To retain jobs and key talent in arts and culture, we recommend that the Government of Canada:

  • Expand the Canada Emergency Wage Subsidy to allow engagers to include compensation to independent contractors covered by a collective bargaining agreement in their CEWS calculations and address the current exclusion of many performing artists from the subsidy;
  • Study the viability of a Universal Basic Income program, as an efficient and sensitive means of ensuring that all Canadians can lead lives of dignity and contribution in both good and challenging times.


Across our sector, we have seen a range of responses to the crisis:

  • All of our larger professional orchestras have opted to retain their artists on contract, whether as employees or independent contractors, whether the organization was eligible for the CEWS or not. This has allowed them to retain the loyalty, participation, and access to the specialized skills of these artists, so that they can participate in community recovery as soon as conditions permit. These groups know they need to retain key staff to devise, promote, and help deliver interim programming and stay in touch with existing and potential audiences and supporters.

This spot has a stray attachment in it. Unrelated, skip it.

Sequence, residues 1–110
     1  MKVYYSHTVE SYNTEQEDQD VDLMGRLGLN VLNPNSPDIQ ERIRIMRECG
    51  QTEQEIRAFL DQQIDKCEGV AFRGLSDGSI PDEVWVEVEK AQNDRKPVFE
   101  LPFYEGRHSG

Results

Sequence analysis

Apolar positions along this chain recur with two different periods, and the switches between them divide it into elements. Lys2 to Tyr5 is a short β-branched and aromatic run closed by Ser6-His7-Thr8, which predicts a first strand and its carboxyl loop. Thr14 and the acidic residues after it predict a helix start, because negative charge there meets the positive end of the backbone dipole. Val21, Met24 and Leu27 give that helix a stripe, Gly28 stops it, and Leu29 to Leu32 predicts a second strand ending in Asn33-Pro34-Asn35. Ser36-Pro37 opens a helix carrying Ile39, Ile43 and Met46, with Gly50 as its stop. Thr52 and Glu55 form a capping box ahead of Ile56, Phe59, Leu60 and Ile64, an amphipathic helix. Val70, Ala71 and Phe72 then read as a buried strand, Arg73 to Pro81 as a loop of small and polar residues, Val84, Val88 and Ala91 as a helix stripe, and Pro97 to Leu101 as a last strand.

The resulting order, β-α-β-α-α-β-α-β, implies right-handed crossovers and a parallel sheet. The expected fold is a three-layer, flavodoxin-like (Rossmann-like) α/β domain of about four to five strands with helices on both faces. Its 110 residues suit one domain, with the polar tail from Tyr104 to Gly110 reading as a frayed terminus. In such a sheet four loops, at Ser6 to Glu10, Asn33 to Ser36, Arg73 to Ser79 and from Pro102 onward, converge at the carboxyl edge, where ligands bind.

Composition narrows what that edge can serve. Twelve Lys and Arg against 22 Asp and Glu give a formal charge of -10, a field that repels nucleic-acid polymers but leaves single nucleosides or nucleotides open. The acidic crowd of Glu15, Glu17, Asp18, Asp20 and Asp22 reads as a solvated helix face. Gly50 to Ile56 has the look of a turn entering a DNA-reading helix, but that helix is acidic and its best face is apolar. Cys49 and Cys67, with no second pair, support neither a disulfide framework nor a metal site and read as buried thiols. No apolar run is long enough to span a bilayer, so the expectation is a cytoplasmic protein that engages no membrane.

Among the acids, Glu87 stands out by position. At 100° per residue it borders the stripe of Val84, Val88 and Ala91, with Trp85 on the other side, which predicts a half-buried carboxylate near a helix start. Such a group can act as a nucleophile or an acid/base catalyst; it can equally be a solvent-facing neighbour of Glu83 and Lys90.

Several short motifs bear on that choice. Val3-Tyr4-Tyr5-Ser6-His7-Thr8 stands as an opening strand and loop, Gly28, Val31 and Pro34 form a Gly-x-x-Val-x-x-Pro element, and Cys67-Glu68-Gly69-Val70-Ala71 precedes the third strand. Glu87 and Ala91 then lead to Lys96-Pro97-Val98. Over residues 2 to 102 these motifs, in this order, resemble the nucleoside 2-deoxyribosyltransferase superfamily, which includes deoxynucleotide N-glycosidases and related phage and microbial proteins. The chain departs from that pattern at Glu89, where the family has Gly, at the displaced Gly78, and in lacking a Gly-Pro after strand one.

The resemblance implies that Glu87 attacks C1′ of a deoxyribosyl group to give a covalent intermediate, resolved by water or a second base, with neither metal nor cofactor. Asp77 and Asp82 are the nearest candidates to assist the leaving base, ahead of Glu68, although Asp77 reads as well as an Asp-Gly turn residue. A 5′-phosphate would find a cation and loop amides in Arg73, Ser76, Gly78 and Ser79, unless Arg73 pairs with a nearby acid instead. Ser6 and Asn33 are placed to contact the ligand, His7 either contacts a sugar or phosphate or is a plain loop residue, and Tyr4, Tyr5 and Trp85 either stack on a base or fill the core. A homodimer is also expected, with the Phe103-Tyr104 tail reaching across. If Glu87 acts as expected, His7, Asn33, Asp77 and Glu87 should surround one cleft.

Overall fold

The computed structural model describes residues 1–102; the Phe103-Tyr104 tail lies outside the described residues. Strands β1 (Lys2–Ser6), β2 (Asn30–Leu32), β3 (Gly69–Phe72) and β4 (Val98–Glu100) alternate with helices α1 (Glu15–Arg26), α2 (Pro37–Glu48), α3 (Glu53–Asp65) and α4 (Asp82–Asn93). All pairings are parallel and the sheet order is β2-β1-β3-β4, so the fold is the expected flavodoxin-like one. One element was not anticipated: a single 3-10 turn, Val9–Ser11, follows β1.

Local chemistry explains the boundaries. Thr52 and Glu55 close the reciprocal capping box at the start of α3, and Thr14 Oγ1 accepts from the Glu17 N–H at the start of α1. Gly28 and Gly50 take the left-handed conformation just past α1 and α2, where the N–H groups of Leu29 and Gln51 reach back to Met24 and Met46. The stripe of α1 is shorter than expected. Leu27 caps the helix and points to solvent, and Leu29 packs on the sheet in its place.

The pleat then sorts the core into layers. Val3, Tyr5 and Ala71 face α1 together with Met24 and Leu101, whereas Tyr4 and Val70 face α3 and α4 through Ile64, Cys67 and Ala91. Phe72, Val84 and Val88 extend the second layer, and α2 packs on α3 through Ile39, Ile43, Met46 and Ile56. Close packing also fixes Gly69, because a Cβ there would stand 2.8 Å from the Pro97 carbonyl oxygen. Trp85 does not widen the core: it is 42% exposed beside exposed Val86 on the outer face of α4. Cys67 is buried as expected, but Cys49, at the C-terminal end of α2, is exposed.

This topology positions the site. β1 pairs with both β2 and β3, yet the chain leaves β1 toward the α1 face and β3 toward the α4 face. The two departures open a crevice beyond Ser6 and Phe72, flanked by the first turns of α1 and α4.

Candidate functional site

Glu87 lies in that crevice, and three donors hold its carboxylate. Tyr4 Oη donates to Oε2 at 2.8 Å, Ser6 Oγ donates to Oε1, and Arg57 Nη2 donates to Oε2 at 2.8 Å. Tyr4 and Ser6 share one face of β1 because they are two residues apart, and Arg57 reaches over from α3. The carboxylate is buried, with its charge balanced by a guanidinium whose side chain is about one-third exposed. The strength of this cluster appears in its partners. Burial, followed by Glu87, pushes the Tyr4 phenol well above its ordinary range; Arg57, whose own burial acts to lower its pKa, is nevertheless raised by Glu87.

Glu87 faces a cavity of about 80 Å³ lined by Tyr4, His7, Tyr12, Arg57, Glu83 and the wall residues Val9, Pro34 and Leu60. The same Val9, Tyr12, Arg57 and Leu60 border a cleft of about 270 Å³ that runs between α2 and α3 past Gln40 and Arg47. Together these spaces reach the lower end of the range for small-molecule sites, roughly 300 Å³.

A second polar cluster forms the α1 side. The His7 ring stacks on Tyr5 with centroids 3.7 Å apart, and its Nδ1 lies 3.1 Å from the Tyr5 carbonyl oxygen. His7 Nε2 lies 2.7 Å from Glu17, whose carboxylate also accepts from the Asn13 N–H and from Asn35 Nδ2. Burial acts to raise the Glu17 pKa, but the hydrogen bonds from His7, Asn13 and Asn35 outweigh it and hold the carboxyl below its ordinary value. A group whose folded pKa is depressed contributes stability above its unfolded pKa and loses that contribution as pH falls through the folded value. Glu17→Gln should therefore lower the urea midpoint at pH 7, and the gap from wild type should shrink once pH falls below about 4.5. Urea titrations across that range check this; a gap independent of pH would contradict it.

• Smaller-budget orchestras have adopted a range of approaches, simultaneously trying to manage expenses while sustaining connections to their contracted professional artists, community volunteers, and the audiences and broader public that each organization serves through performances and education programs. Without access to either emergency funding from the Canada Council for the Arts or (in many cases) their provinces, and with plummeting earned and contributed revenue, these groups have faced difficulties sustaining and re-imagining key activities.

Thanks to the CEWS, Canadian orchestras who hire their musicians as employees have benefited from an increase of more than 400% in project and special funding. However, those who have engaged their musicians as independent contractors through their collective bargaining agreements are ineligible for this support towards their musicians’ wages. This unfortunate technicality will result in very different re-opening scenarios for our orchestras: some will be in a much stronger position than others to re-open as soon as it is viable.